Mistakes Made On The Road To Innovation
BusinessWeek has a fairly comprehensive article out on Kodak’s attempt to convert itself from a sleepy old film company to a digital media powerhouse. As many industries have been challenged by emerging digital technology (newspaper business, music industry, TV industry, etc.), Kodak has faced some of the largest challenges of all.
Unfortunately for Kodak, even as they have excelled in consumer grade point and shoot cameras, they have found that the profit margins for digital cameras are slim and certainly no replacement for their film business of yesterday.
From the article:
“Kodak’s Perez dreams of replicating Apple’s success. ‘In two to three years, this will be seen as one of the most successful transformations in the history of our country,’ he predicts. Maybe. Wall Street doesn’t share his optimism. Kodak’s stock is trading at about 26 per share, down from a high of 95 in 1997. Kodak has been in the red for eight consecutive quarters, losing a total of $2 billion. It hopes its new strategy will get it into the black by yearend 2007.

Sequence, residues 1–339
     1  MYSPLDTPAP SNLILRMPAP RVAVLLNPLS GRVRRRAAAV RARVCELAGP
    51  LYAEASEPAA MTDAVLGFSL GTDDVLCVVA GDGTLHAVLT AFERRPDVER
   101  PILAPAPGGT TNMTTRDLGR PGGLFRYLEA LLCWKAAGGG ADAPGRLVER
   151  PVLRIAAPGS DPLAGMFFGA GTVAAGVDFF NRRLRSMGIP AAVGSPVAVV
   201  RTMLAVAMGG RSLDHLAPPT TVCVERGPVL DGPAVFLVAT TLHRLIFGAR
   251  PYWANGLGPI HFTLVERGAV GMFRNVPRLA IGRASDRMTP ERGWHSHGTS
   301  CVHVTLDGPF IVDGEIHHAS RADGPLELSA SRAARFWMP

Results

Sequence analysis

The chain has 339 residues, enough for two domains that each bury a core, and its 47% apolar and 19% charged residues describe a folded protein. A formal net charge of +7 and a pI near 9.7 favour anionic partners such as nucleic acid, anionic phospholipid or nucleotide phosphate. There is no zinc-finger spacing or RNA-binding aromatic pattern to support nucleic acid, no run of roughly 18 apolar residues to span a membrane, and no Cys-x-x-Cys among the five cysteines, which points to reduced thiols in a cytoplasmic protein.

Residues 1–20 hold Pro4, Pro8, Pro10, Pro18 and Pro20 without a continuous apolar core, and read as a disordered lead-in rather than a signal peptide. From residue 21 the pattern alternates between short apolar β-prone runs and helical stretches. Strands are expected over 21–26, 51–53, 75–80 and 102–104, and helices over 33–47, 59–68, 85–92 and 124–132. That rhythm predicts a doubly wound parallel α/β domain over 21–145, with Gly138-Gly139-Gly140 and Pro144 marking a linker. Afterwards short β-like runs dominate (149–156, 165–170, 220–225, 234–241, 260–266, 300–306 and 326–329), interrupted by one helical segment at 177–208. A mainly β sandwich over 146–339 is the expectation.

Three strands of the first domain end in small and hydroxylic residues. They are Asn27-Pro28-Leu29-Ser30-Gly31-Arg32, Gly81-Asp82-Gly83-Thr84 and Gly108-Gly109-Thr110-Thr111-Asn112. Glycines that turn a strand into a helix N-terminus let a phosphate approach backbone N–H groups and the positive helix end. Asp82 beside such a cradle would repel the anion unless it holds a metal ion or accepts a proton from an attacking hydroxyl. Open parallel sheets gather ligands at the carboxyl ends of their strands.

Many of Kodak’s problems can be traced to the successes of its past. Wherever Perez turns in Rochester, N.Y., he is haunted by the specter of George Eastman, one of America’s greatest innovators. In spite of the fact that Eastman died in 1932, his mark is still huge on the company he founded in 1880. Decades after his death, it remains difficult to change Kodak’s long-established ways. One of them is a hierarchical culture that believes in the omnipotence of leadership. It’s so powerful a habit that when Perez came to Kodak from HP in 2003 as chief operating officer, he couldn’t get people to openly disagree with him. ‘If I said it was raining, nobody would argue with me, even if it was sunny outside,’ he laments.”